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Profile: Dan Bartlett

 
  

Positions that Dan Bartlett has held:

  • White House communications director


 

Quotes

 
  

Quote, September 16, 2002

   “We've made it very clear that we are not in the business of negotiating with Saddam Hussein. We are working with the UN Security Council to determine the most effective way to reach our goal.... [Iraq's offer is a tactic to give] false hope to the international community that [President Saddam] means business this time.... Unfortunately, his more than decade of experience shows you can put very little into his words or deeds.” [Independent, 9/17/02]

Associated Events


 

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Dan Bartlett actively participated in the following events:

 
  

September 16, 2002      Complete Iraq timeline

       Iraqi Foreign Minister Naji Sabri meets with UN Secretary-General Kofi Annan and Arab League Secretary-General Amir Moussa and gives them a letter expressing Baghdad's willingness to readmit the UN weapons inspectors without conditions. The offer is made after Saddam Hussein convened an emergency meeting in Baghdad with his cabinet and the Revolutionary Command Council (RCC). [Associated Press, 9/16/02a; Independent, 9/17/02; New York Times, 9/17/02 Sources: Iraq's September 16, 2002 letter accepting the unconditional return of weapons inspectors] Iraq's letter is effectively an agreement to December 1999 UN Security Council Resolution 1284. [New York Times, 9/18/02] Kofi Annan tells reporters after the meeting, “I can confirm to you that I have received a letter from the Iraqi authorities conveying its decision to allow the return of the inspectors without conditions to continue their work and has also agreed that they are ready to start immediate discussions on the practical arrangements for the return of the inspectors to resume their work.” Annan credits the Arab League, which he says “played a key role” in influencing Saddam Hussein's decision to accept the inspectors, and suggests that Bush's speech also played a critical part in influencing Baghdad's decision. [UN, 9/16/02] UNMOVIC Chief Weapons Inspector Hans Blix also meets with Iraqi officials and it is reportedly agreed that weapons inspectors will return to Iraq on October 19. UNMOVIC spokesman Ewen Buchanan tells the BBC, “We are ready to discuss practical measures, such as helicopters, hotels, the installation of monitoring equipment and so on, which need to be put in place.” [BBC, 9/17/02] The Bush administration immediately rejects the offer, calling it “a tactical step by Iraq in hopes of avoiding strong UN Security Council action,” in a statement released by the deputy press secretary. [Associated Press, 9/16/02; White House, 9/16/2002] And Dan Bartlett, the White House communications director, tells reporters: “We've made it very clear that we are not in the business of negotiating with Saddam Hussein. We are working with the UN Security Council to determine the most effective way to reach our goal.” He then claims Iraq's offer is a tactic to give “false hope to the international community that [President Saddam] means business this time,” adding, “Unfortunately, his more than decade of experience shows you can put very little into his words or deeds.” Two days later Bush will tell reporters that Saddam's offer is “his latest ploy, his latest attempt not to be held accountable for defying the United Nations,” adding: “He's not going to fool anybody. We've seen him before. . . . We'll remind the world that, by defying resolutions, he's become more and more of a threat to world peace. [The world] must rise up and deal with this threat, and that's what we expect the Security Council to do.” [Independent, 9/17/02; Agence France Presse, 9/19/02] Later that night, Colin Powell and Condoleezza Rice reportedly hold a conference call with Kofi Annan and accuse him of taking matters into his own hands. [Vanity Fair, 5/2004, pg 285] Britain supports the US position and calls for a UN resolution backed with the threat of force. [BBC, 9/17/03] Other nations react differently to the offer. For example, Russia's Foreign Minister Igor Ivanov, says: “It's important that, through our joint efforts, we have managed to put aside the threat of a war scenario around Iraq and return the process to a political channel ... It is essential in the coming days to resolve the issue of the inspectors' return. For this, no new [Security Council] resolutions are needed.” [Independent, 9/17/02; BBC, 9/17/03]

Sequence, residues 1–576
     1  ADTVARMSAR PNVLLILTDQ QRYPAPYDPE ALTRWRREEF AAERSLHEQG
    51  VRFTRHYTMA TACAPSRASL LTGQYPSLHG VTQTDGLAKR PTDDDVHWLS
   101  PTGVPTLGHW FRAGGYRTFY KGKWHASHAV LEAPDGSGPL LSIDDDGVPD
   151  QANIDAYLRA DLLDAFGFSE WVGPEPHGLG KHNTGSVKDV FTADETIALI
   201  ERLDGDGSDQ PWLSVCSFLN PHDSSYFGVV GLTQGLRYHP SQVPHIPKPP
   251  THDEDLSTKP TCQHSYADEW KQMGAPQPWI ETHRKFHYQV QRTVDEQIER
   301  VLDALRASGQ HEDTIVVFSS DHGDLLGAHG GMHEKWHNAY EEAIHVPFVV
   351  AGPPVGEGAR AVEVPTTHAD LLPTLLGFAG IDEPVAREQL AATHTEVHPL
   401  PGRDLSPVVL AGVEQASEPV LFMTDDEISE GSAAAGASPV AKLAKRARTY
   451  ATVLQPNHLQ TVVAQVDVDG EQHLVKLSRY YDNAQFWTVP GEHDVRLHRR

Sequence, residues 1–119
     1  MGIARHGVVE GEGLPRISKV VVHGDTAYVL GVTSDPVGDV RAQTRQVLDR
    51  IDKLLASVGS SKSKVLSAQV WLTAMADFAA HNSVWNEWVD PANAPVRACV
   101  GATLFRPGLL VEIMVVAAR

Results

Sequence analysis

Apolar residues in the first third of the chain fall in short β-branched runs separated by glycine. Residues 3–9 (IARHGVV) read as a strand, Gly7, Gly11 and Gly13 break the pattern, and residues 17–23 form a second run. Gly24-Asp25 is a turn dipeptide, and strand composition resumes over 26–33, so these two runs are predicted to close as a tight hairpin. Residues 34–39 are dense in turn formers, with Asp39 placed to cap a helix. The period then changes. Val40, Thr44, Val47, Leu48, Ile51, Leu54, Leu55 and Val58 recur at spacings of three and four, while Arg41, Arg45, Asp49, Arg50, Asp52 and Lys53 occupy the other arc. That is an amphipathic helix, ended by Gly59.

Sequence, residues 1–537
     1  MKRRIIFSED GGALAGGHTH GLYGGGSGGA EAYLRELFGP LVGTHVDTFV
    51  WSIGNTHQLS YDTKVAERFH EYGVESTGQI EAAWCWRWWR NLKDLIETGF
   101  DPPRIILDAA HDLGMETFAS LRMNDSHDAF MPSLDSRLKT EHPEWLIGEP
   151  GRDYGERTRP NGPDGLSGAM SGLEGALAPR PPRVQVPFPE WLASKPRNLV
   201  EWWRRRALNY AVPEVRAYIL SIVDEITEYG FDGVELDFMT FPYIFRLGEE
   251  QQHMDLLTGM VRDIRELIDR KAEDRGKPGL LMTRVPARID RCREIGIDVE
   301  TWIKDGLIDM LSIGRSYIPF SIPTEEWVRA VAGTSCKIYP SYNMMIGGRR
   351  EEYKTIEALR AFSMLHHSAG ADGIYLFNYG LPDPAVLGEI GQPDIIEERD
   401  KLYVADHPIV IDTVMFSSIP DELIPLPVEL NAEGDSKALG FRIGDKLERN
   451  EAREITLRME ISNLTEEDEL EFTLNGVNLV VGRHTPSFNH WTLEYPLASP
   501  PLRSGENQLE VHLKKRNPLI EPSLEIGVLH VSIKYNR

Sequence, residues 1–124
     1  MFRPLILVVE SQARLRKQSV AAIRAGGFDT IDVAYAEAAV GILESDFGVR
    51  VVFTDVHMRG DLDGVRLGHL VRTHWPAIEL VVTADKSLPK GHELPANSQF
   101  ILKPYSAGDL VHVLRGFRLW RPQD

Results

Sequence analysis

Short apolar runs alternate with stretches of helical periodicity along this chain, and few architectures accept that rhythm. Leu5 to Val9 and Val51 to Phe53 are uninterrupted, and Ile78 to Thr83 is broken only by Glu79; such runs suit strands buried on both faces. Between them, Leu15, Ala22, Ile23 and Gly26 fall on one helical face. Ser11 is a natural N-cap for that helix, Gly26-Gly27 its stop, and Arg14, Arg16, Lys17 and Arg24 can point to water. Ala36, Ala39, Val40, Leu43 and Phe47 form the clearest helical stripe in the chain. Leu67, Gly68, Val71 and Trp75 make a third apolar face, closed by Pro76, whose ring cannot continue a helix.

People and organizations involved: Saddam Hussein, Amir Moussa, Condoleezza Rice, Hans Blix, Dan Bartlett, Kofi Annan, Colin Powell, Naji Sabri, Scott McClellan  Additional Info 
          

A day or two days before January 28      Complete Iraq timeline

       Robert G. Joseph, director for nonproliferation at the National Security Council (NSC), telephones senior CIA official Alan Foley and argues that the Africa-uranium claim should be included in Bush's upcoming State of the Union address. When Foley warns that the allegation has little evidence to support it, Mr. Joseph instead requests that the speech include a remark saying that the British had learned that Iraq was seeking uranium in Africa, leaving out the bit about Niger and the exact quantity of uranium that was allegedly sought. [The Washington Post, 7/17/2003; New York Times, 7/17/2003; New York Times, 7/17/2003; The Washington Post, 7/27/2003; Time Magazine, 7/21/2003 Sources: Two unnamed senior administration officials interviewed by Time, Alan Foley] Joseph claims he does not recall the discussion and White House communications director Dan Bartlett calls Foley's version of events a “conspiracy theory.” [The Washington Post, 7/27/03]
People and organizations involved: Alan Foley, Dan Bartlett, Robert G. Joseph
          

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